In the past few decades, a histologically and microbiologically distinct form of mastitis has been identified and named “cystic neutrophilic granulomatous mastitis” (CNGM) [2, 6]. It is recognized based on its microscopic features and strong association with Corynebacteria species. CNGM is an uncommon condition that typically occurs in parous, reproductive-aged women, often presenting with breast mass lesion or breast pain. The clinical and imaging features can simulate malignancy.  Previously, many histologically proven cases of granulomatous lobular mastitis have been termed “idiopathic,”  and treated empirically with a variety of modalities, from surgery to antimicrobials, steroids, and combinations.  Studies have shown a good clinical response to antibiotic therapy tailored to Corynebacteria species, such as long courses of tetracycline or doxycycline. [4, 5] Recent studies showed CNGM cases were more prevalent in women of childbearing age, Hispanic women and those with a birthplace outside of the United States. This suggests a common genetic, environmental, immunologic, or infectious etiology. [7-9]
In CNGM, biopsies are typically done to rule out breast cancer. Once malignancy is ruled out, the main differential diagnoses are other types of infectious mastitis such as tuberculosis (TB) mastitis. Specimens showing granulomatous mastitis should be carefully analyzed for fungal, mycobacterial and bacterial organisms, especially microcystic spaces on Gram stain.  Microscopic identification of Corynebacteria in patients with CNGM can be challenging, as the number of identifiable organisms is usually very low and limited to the cystic vacuoles. In addition, microorganisms may be obscured by inflammatory debris. Culture can be diagnostically helpful, but Corynebacteria rods can be difficult to isolate as some species require special cultural media. [2, 6]. The most common isolates were identified as Corynebacterium kroppenstedtii. Sequencing of tissue can also be helpful when available. Recognizing the distinct histologic pattern is the key to the diagnosis and management of this disease. CNGM is characterized by lobulocentric granulomatous inflammation. The cystic spaces are stained positive for oil red O which is consistent with dissolved lip vacuoles. Corynbacterium tend to be identified in the cystic empty space due to its lipophilic feature. Subareolar breast abscesses can mimic CNGM due to their similar the clinical presentation and histology. Subareolar abscesses are considered a consequence of lactiferous duct obstruction by keratin debris and are strongly associated with cigarette smoking. Foreign body giant cell reactions to keratin may be seen in subareolar abscesses but there are no suppurative lipogranulomas as those in CNGM.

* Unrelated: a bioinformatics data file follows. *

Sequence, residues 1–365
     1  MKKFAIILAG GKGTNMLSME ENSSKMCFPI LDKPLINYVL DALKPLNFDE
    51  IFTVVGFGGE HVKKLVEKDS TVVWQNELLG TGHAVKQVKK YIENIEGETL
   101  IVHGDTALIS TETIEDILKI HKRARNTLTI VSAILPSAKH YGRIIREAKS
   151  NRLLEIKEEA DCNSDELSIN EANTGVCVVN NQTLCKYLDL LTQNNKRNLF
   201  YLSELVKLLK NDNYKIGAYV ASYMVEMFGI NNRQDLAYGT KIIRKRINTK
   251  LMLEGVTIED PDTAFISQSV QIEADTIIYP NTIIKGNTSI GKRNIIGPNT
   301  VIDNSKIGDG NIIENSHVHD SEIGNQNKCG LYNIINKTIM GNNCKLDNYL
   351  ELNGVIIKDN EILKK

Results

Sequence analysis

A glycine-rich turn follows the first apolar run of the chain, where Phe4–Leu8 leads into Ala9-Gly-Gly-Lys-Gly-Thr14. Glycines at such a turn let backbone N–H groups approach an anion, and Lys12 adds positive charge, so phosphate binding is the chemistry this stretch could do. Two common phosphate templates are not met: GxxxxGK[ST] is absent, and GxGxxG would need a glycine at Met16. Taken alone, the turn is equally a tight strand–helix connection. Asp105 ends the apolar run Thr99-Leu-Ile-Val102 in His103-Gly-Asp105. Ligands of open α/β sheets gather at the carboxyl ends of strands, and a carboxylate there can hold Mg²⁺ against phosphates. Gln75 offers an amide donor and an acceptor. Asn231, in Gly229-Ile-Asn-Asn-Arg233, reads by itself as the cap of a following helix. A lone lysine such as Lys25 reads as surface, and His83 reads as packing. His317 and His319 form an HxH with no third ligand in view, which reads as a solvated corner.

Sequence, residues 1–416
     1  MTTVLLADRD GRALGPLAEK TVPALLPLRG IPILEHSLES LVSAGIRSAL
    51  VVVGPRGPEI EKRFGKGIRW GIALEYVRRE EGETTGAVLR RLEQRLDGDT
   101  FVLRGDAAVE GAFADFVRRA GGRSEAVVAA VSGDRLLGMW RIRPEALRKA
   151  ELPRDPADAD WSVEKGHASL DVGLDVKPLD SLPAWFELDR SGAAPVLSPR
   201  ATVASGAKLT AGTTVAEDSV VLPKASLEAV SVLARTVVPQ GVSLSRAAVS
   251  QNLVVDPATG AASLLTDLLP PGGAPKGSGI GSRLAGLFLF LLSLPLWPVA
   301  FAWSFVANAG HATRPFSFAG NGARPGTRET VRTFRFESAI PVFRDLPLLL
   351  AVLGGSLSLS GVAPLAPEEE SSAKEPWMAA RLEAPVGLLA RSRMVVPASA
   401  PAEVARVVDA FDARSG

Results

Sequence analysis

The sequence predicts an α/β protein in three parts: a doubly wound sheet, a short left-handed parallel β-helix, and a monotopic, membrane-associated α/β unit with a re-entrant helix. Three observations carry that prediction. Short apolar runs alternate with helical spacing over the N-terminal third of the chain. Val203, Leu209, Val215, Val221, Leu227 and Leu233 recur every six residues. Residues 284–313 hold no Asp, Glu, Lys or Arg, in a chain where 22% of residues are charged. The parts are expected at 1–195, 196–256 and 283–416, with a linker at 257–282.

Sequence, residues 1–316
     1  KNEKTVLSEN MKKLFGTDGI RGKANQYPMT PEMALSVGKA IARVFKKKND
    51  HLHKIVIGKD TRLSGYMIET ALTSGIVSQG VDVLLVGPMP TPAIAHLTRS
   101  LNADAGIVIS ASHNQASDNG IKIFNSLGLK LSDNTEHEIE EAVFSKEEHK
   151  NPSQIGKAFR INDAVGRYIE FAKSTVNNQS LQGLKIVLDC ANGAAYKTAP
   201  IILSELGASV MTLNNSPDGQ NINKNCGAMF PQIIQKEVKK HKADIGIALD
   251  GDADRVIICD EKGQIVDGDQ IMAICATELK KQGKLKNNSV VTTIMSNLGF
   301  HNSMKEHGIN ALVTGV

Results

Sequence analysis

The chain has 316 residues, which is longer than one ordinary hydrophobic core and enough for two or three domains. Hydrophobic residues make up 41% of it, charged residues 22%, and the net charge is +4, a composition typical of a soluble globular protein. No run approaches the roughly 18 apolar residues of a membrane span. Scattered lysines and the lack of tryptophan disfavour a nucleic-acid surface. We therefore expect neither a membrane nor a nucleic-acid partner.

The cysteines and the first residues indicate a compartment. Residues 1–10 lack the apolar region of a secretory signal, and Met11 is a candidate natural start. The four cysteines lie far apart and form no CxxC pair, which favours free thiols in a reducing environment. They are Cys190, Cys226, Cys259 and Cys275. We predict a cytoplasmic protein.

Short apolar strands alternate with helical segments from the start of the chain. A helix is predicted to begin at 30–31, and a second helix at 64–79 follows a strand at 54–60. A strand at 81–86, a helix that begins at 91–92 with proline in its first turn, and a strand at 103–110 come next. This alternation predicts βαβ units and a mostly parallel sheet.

1. D'Alfonso, T.M., et al., Cystic Neutrophilic Granulomatous Mastitis: Further Characterization of a Distinctive Histopathologic Entity Not Always Demonstrably Attributable to Corynebacterium Infection. Am J Surg Pathol, 2015. 39(10): p. 1440-7.
2. Gautham, I., et al., Cystic neutrophilic granulomatous mastitis: The Cleveland Clinic experience with diagnosis and management. Breast J, 2019. 25(1): p. 80-85.
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8. Centers for Disease, C. and Prevention, Idiopathic granulomatous mastitis in Hispanic women - Indiana, 2006-2008. MMWR Morb Mortal Wkly Rep, 2009. 58(47): p. 1317-21.
9. Joseph, K.A., X. Luu, and A. Mor, Granulomatous mastitis: a New York public hospital experience. Ann Surg Oncol, 2014. 21(13): p. 4159-63.